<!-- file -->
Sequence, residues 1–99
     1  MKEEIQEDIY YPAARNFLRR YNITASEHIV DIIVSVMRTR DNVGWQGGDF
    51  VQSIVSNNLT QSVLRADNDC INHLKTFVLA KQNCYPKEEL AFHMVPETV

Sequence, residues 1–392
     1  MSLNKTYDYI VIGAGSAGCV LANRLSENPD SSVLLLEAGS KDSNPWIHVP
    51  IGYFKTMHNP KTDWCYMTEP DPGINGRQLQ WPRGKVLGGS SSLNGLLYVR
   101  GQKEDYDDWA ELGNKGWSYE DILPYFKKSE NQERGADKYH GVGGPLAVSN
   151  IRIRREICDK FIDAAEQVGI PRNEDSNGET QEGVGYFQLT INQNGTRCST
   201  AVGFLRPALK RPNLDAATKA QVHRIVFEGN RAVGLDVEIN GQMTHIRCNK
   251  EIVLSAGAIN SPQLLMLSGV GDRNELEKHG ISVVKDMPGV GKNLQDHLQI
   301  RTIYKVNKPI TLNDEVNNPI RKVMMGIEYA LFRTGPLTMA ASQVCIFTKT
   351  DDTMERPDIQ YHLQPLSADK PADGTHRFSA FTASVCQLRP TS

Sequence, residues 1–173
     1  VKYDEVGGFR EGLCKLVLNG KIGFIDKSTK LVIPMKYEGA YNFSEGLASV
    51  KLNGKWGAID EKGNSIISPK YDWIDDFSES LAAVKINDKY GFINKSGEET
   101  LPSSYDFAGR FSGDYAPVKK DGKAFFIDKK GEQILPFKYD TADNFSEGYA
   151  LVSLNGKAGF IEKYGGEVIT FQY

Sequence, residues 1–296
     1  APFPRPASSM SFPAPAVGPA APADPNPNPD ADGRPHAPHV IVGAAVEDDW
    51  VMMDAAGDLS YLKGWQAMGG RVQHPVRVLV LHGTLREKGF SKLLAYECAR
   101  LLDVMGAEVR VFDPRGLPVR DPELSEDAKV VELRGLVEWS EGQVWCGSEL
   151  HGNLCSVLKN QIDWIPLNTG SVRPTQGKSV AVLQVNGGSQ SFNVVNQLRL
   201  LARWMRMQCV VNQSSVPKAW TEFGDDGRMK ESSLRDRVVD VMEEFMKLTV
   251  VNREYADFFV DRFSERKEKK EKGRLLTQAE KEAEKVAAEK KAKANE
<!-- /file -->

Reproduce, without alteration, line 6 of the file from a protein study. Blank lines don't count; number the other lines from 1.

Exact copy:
    51  IGYFKTMHNP KTDWCYMTEP DPGINGRQLQ WPRGKVLGGS SSLNGLLYVR